When I was in high school, we did most of our runs pretty fast (some runs under 7:00 pace).  We were a pretty low mileage program so all of our runs were quality…and we were also really competitive and pushed the pace all.the.time.

Before races, I always liked to run fast to get my legs ready to run the next day.  We never did more than 20 minutes so we were always pretty rested.  Even if I felt bad, I felt like I should be running fast.  Slow running just resulted in slow racing.

When I went to college my freshman year at North Carolina State (a much higher mileage program), I remember overhearing the coaches saying that you don’t necessarily need to cut back on mileage before a race but rather the intensity.

NC State’s program was much higher mileage than what I was used and my pre-race runs became just as long (or longer!)  as what my “regular” runs in high school used to be.  How did that make sense?  How could I be rested if I was still running far  the day before a race?  Clearly NC State didn’t know what they were talking about (totally kidding – NC State is home to the most reputable coaches in the NCAA, countless all-Americans, and many conference team titles).  When I transferred to Richmond, our pre-race was more similar to my high school pre-race.  We usually just ran the course and threw in a few strides and called it a day.  I was content with that and no longer debated how long / fast pre-race runs should be.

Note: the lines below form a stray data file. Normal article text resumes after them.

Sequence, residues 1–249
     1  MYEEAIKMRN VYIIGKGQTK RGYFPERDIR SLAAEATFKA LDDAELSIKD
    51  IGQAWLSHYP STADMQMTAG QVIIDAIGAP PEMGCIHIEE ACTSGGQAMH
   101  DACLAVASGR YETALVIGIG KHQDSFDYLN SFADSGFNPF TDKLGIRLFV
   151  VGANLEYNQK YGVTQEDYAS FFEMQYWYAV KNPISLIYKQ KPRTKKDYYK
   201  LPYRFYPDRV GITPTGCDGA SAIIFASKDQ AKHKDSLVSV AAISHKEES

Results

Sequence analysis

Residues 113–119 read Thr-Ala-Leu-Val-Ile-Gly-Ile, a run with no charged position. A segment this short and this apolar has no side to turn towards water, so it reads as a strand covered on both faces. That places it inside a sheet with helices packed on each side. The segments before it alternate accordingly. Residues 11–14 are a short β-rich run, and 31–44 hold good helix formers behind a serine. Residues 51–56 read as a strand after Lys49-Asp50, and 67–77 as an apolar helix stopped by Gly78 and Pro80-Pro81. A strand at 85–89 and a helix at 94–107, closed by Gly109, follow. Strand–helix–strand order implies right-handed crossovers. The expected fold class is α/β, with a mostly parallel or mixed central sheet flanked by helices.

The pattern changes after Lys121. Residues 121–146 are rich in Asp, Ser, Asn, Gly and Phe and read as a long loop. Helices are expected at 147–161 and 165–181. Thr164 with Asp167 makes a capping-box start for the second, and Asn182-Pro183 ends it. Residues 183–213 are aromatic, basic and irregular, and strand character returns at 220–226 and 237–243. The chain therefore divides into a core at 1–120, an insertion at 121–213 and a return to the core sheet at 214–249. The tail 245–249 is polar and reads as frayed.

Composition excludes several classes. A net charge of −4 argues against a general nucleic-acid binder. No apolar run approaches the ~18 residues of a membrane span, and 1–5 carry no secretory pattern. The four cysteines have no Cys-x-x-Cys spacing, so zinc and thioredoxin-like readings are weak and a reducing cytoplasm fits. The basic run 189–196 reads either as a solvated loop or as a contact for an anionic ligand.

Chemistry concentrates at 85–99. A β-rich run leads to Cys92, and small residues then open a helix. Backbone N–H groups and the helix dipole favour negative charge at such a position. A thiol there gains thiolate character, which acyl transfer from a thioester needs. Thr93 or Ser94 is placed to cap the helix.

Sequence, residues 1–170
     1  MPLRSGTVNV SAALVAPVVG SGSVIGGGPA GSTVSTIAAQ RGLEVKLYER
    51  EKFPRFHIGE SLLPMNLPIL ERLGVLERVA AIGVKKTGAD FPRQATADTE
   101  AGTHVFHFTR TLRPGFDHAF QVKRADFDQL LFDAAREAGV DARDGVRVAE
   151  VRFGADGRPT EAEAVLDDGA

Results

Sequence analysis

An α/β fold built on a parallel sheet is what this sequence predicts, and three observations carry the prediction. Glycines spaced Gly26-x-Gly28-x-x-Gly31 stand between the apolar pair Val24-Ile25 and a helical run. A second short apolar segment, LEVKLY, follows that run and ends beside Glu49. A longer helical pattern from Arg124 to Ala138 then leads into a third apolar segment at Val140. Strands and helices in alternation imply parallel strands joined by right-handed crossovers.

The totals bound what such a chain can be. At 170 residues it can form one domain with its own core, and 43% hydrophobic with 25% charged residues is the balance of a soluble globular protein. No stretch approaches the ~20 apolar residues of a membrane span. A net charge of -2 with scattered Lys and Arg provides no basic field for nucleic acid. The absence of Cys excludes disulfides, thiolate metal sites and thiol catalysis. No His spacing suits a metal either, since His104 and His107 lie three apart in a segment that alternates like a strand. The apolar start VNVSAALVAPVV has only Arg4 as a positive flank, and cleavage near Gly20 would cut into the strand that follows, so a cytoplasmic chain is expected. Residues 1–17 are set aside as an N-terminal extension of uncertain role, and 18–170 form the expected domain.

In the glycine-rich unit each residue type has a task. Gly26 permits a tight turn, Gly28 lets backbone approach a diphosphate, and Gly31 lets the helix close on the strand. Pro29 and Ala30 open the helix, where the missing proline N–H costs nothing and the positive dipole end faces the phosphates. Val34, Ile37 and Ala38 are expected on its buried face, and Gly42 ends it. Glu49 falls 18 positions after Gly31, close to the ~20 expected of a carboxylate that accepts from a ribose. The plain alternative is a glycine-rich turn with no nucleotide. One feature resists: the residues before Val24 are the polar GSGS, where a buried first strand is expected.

IMG_0505It wasn’t until years later that I started thinking about this again.  Before racing the Sweetheart 8k this year, I did a pre-race much longer than I am used to (35 minutes–seriously that’s a lot considering I usually just do 20) BUT I ran slower than I typically do.  The run felt really nice and for once I wasn’t freaking out about distance or speed or feeling tired the next day.  I left the run feeling happy and relaxed.  The next day at the race, I felt great.  35 minutesdidn’t killed me after all.  I felt like my life changed (yes, I know I am dramatic)  and was looking forward to testing out if this “higher” mileage/slower pace pre-race routine could work for me (before I couldn’t run for awhile, ha).  It was reassuring to know that I could slow it down and still feel good (not sluggish) the next day. I know additional factors go into pre-race tapering but the day before the race is what I always focus on.


Leave a Reply